by Joy Lapseritis, parent & president WSCC Board of Trustees
Waldorf School class teachers move through the grades with their students.
“You should check out the Waldorf School,” our son’s first childcare provider said to my husband and I as we lamented losing her as a “teacher” when he had grown too old for the infant room at the VNA Childcare Center in Falmouth. We had entrusted this woman with his care since he was just 6 months old, and she had helped us learn to become parents, witnessing the messiness of our first attempts at parenting. She was as much our teacher as his, and we wanted her to continue with him into the young toddler room at the tender age of 18 months. “There is a type of school where the teachers do move along with the students,” she began, and directed me to the Waldorf School of Cape Cod, then located in Bourne. Within short order I found myself sitting on the floor of a cozy, sunlit room listening to Claire Small conduct a model class and give a puppet show. At first, I was confused by the faceless dolls and strange songs, but I was drawn to learn more, to discover the specific and thoughtful intentions behind each action and object. Shortly thereafter our family moved to the Berkshires, and we had the rare fortune of choosing from among three local Waldorf schools. Our son, Morgen, spent 4 years in early childhood bliss, and daughter Mathilde and I a year in a parent-child program before we moved back to Cape Cod and joined the Waldorf School of Cape Cod. While we knew the Falmouth public schools were good enough, we actively desired for our children to experience a Waldorf Education.
Our children’s teachers are our co-parents. Every day we learn how to parent our two very different children as they present us with new and unique challenges and joys, each needing something different from us – more space, more attention, fewer interventions, new boundaries. This is true for all aspects of their lives, and it is more than reassuring that their class teachers are there to witness and guide them on their educational journeys with a long-term perspective. Waldorf teachers are specially trained to understand human development, and are well prepared for the next set of developmental challenges. Having been Morgen’s teacher for five years, Kim Allsup has a deep knowledge of his personal growth over that time, and a view into the challenges he may face. She brings this wisdom into her approach to him in the classroom, and to us as his parents so that we can be a mutually supportive team. Waldorf teachers understand that education is not an event separate from the human development of a person – it is an integration of daily and lifelong experiences, internal and external – and we all educate each other as we move through life. I shudder to think of how disconnected our children would be if they were passed from one teacher to another throughout their formative years. Parenting has made me more reflective on my own childhood, and I have a real sense of distance and separation from my own education in public schools even though I was very successful academically. Keeping a connection with a class teacher, even if only for several years in the event of a change, ameliorates that disconnection and forms a stronger bond between children and the adults who care for them daily.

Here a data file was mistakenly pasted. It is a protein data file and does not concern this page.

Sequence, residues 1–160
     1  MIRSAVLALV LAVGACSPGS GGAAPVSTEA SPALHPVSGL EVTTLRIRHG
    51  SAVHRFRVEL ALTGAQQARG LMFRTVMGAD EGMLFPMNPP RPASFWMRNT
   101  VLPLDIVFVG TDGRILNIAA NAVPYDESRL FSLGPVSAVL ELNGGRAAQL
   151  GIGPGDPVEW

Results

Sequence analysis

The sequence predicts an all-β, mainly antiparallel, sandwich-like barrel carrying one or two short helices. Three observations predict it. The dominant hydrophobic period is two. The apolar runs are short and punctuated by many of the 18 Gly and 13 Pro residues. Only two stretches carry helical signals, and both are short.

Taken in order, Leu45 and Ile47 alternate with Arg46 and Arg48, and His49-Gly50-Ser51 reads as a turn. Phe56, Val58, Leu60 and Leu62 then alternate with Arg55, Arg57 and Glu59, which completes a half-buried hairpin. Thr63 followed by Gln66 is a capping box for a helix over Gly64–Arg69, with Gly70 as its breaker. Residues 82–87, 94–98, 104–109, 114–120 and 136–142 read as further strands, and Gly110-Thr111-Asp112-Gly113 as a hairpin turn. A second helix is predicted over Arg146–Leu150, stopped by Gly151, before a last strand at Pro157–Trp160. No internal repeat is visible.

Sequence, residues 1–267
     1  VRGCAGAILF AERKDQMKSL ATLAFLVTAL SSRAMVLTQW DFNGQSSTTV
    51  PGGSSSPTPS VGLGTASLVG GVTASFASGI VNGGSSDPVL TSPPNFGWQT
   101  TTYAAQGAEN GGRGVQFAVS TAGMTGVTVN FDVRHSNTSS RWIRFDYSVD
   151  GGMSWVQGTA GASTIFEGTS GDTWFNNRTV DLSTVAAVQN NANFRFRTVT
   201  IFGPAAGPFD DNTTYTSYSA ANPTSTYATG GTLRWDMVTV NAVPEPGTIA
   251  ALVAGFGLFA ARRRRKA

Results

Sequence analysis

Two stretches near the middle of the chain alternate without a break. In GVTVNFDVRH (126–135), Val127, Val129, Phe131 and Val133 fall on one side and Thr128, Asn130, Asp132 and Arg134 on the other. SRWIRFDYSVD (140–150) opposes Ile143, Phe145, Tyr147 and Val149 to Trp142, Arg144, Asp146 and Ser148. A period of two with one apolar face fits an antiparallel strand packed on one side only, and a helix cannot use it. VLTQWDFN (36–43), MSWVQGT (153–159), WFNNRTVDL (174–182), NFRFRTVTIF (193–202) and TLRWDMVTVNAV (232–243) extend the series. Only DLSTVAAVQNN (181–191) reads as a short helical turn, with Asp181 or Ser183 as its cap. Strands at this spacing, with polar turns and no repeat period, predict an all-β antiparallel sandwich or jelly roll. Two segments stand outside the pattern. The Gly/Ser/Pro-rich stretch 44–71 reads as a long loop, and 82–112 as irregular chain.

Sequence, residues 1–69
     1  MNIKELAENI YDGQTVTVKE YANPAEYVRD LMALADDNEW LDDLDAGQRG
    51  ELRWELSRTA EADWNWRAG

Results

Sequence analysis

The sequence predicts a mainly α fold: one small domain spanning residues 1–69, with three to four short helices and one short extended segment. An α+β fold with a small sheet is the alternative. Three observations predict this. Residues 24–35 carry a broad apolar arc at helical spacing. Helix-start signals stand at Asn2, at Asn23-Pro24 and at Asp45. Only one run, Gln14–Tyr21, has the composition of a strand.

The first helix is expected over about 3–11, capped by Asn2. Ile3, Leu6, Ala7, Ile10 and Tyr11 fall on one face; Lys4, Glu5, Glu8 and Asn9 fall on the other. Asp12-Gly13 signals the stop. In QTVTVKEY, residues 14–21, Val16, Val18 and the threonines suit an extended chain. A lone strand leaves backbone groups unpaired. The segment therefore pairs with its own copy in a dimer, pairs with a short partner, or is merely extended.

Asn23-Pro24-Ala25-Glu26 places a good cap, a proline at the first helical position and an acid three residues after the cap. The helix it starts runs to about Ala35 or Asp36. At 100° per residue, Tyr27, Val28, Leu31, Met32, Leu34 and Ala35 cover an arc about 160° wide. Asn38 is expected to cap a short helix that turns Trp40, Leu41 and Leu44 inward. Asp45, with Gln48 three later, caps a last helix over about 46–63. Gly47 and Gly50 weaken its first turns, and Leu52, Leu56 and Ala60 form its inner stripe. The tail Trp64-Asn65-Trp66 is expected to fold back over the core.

Maintaining a class teacher from first through eighth grade presents benefits and challenges. Like many personal traits, the potential weaknesses of the class teacher/student relationship are closely tied to the strengths. Human relationships are seldom without conflict, and there can be anxiety around keeping a teacher for eight years. What if there are disagreements? (there will be). What if the teacher isn’t strong in all subjects? (they won’t be). What if my child has a personality conflict or is “incompatible” with their teacher? (they likely will be at some point in the journey from age 7 to 14). One of the gifts of the class teacher is that we are forced to discover and develop conflict resolution skills to cope with each of these eventualities – skills that are useful to everyone in life. Parents, teachers, and children must find ways to resolve disagreements, to reach out for help from someone else, or agree to disagree and find a new path forward. Faculty lean on each other to fill gaps, share techniques, and teach to the whole curriculum; they demonstrate to children how learning is a lifelong process and how no one knows everything. Teachers must bring their maturity and long-term vision to both embrace and overcome interpersonal conflicts; children must learn tolerance and respect for every type of person. All learn patience in this process.